Paris, the 'City of Lights
,' isn't exactly the best place for stargazing. The city is so lit up that you can barely see them! Or can you? Though the French capital is famous for its twinkling illuminations come nightfall, there are a few areas that remain dark enough for stargazing. The Paris Observatory, of course, is a great place to see stars. The Montparnasse Tower is another great option you have to know. While Louise Michel Square will likely be the next spot to become popular for this sort of thing. In any case, no matter how bright this city can get, there are still many amazing places where you can go stargazing in Paris.
Source: Wikimedia Commons/ Pline
Let's start with the most obvious place: the Paris Observatory. Founded by Louis XIV all the way back in 1667, it's the oldest observatory in the world. It famously features the Arago telescope, a 38-centimeter diameter aperture that will help you see stars more clearly. It's open to the public every day so you can go stargazing in Paris whenever you want. Moreover, the rest of the observatory is dedicated to various astronomy and meteorology to global cartography. If you want to learn more about stars beyond how beautiful they look in the night sky, you'll want to visit this place!
Astronomy Tower of the Sorbonne
As part of the famous Sorbonne University, the Astronomy Tower of the Sorbonne is another observatory worth visiting in Paris. It stands 39 meters high and features both an upper and lower dome. Though it's not as tall as many of the famous landmarks in the city, it's tall enough to reach a good vantage point for its various astronomical instruments. And it's in the upper dome where you'll find the telescope. Since the tower is part of one of the most prominent schools in Paris
, you'd think it'd be closed off to the public, right? Well, it's not! You can schedule a visit here and gaze at the stars for as much as you want.
Source: Wikimedia Commons/ David Brossard
From one tower to another, it's not wrong to say that Montparnasse Tower is the pièce de résistance
of its district
. While it pales in comparison to the more famous Eiffel Tower, it remains a popular hotspot for locals and tourists alike. It helps that it stands at 690 feet, making it one of the tallest skyscrapers in Paris. So even when the rest of the city is all lit up, going to the highest parts of the tower can still give you a great view of the sky above. And though it doesn't have the sorts of telescopes that the previously mentioned observatories feature, a standard pair of your own is good enough.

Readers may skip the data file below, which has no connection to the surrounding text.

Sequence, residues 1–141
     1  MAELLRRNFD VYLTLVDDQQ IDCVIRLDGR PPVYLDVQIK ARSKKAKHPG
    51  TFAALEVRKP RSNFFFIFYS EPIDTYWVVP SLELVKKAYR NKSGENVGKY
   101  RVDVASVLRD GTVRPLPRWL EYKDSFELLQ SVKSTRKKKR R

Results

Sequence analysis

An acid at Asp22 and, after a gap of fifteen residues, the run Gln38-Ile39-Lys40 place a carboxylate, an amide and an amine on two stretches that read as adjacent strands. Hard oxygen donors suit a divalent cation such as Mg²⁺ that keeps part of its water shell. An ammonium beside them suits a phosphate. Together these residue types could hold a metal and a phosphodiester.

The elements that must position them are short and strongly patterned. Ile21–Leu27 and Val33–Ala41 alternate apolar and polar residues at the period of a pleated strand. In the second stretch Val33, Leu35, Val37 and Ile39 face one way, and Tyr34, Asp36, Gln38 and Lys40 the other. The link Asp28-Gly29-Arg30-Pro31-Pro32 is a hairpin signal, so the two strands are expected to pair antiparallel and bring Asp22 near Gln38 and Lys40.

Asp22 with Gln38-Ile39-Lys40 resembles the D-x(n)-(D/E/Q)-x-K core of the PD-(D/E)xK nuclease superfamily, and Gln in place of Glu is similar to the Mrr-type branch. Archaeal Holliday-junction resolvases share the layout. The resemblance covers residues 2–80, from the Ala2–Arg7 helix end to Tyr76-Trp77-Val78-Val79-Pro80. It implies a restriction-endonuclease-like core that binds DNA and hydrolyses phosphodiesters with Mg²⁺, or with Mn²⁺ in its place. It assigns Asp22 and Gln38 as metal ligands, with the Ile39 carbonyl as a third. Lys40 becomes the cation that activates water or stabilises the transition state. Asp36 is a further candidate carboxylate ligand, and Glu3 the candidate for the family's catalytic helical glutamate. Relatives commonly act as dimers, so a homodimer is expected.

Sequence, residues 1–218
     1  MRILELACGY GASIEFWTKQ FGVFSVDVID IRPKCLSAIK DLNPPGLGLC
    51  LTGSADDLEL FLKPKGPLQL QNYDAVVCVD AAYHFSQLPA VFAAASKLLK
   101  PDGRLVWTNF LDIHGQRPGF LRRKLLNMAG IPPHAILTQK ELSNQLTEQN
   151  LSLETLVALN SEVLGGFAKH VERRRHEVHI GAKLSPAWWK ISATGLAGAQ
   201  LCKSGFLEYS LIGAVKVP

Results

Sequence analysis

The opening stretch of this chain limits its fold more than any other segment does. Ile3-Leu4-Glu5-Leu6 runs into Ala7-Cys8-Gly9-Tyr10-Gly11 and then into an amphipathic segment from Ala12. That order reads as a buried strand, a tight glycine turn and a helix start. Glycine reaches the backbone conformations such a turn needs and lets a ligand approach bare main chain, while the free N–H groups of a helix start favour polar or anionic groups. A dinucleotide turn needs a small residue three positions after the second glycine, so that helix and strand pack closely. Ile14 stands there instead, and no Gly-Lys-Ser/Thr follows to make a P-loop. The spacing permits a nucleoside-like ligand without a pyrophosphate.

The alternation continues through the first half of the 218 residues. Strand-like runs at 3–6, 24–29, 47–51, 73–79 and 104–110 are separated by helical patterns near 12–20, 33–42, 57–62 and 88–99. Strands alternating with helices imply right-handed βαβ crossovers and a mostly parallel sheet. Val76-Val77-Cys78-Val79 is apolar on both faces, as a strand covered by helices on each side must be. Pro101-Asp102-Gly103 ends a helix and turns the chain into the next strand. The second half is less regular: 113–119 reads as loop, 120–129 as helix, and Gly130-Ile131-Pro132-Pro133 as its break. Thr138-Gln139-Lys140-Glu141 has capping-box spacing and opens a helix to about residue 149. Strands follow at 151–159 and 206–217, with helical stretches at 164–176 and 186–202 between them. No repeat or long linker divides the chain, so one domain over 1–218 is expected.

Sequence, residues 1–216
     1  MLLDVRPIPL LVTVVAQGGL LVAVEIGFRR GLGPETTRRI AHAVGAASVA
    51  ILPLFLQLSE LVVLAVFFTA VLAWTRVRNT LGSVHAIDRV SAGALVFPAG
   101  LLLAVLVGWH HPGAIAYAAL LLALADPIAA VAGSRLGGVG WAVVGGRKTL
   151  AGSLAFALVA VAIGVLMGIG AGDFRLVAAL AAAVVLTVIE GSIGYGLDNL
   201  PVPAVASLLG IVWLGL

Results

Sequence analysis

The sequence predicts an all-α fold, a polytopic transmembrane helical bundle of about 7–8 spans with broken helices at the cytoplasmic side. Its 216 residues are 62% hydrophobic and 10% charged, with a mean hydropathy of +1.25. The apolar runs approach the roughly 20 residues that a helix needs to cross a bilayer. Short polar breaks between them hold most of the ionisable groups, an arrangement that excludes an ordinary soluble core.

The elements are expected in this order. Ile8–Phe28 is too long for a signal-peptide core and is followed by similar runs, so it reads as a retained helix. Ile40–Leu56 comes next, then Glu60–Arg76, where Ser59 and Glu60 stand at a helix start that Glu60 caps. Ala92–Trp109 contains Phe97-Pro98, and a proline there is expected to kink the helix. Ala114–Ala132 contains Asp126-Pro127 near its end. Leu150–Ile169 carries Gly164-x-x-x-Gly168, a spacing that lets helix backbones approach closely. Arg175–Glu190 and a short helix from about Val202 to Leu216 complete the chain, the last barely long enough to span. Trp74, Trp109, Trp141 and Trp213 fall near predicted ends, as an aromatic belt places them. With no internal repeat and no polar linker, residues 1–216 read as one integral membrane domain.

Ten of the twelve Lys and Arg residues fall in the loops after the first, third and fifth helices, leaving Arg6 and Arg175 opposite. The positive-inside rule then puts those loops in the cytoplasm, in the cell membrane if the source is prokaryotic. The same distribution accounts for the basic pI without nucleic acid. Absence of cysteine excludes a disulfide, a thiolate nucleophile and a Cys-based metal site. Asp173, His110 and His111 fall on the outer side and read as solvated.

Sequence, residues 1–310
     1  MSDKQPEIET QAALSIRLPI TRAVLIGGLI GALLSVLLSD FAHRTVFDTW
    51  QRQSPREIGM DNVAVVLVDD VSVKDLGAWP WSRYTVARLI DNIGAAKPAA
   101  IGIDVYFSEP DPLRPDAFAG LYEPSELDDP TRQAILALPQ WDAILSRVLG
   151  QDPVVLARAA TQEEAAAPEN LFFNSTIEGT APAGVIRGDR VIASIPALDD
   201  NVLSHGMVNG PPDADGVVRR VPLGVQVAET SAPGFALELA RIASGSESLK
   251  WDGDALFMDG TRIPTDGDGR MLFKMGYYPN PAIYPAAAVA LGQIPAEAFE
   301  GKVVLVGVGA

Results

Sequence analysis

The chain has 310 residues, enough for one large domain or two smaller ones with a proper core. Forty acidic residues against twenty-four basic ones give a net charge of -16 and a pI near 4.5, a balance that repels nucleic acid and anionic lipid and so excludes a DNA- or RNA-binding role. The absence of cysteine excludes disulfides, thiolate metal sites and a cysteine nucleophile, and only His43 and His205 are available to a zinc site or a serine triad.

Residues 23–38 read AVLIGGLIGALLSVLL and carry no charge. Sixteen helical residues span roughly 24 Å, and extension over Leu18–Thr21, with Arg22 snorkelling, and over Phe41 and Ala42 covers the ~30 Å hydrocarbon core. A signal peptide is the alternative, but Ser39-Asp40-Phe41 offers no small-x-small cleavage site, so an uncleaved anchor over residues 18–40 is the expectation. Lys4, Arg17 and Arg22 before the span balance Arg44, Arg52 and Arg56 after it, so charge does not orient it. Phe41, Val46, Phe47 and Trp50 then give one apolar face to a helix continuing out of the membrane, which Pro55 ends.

Source: Wikimedia Commons
Square Louise Michel
You probably never would've thought that the steps leading up to Montmartre
’s famous Sacre Coeur would be a great place for stargazing in Paris, did you? After all, this area is always filled with so many people, it's bound to be bright at night, right? Well, it's not! The square is bustling during the day, sure, but come nightfall, it becomes so dark that it's hardly the same place. The Sacre Coeur is well-lit, sure, but the square leading up to it isn't. This allows anyone to look up and see just how brightly the stars twinkle at night.
Source: Wikimedia Commons/ L-BBE
Located in the 20th arrondissement
of Paris, it's easy to understand if you haven't heard of Séverine Square. It's not exactly the most famous park in the city. But then again, this is what also makes it a great spot for stargazing in Paris. Though not as big as the French capital's other public parks, it's still a vast expanse of grassy fields and sandy pits. There are barely any street lamps or other illuminations to light it up when the sun goes down, which means it's dark enough for the stars to shine brighter here than in the other parts of the city.
Source: Wikimedia Commons/ Guilhem Vellut
Bois de Vincennes
From a relatively small city park to the largest public park in Paris. Bois de Vincennes lies on the easter edge of the French capital. Covering an area of 995 hectares, you can practically fit an entire Paris neighborhood
here. Fortunately, what you get is a massive space with little to no city lights in sight—perfect for some stargazing. There's nothing blocking you from seeing the stars in all their glory when you come here at night. You can even make a great date out of it. Pack a picnic, lay out a blanket, and gaze at the stars to your heart's content!
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Parc de la Butte-du-Chapeau-Rouge
Since Parc de la Butte-du-Chapeau-Rouge also lies near the (other) edge of the city, it's also a great place for stargazing in Paris. The city lights won't pose that much of a problem, especially since the 19th arrondissement
was never that bright and busy to begin with. And what makes Parc de la Butte-du-Chapeau-Rouge perfect for stargazing is that it's filled with elevated spaces. You can go to the higher areas to get a better view of the stars. Who knows? You might even discover new secrets of outer space!
Source: Wikimedia Commons/ Flickr.com/ Guilhem Vellut
When all else fails, your best bet might just be Fontainebleau Forest, located right outside the city of Paris. Far from any urban area, it's a beautiful patch of untouched land just beyond the French capital. You can climb up the high mountains and cliffs here and get a view of the night sky that you won't ever get when you're in Paris. But this also means that you will have to be in charge of your own safety! Make sure you have the right camping gear, enough refreshments, and a way to get help if ever there's an emergency!
Source: Wikimedia Commons/ SangsterBeatrice
The sky that looms over the City of Lights is just as sparkling! Discover all the celestial wonders over here by going stargazing in Paris. These spots are the best places to do it since they're not as bright as the rest of the city.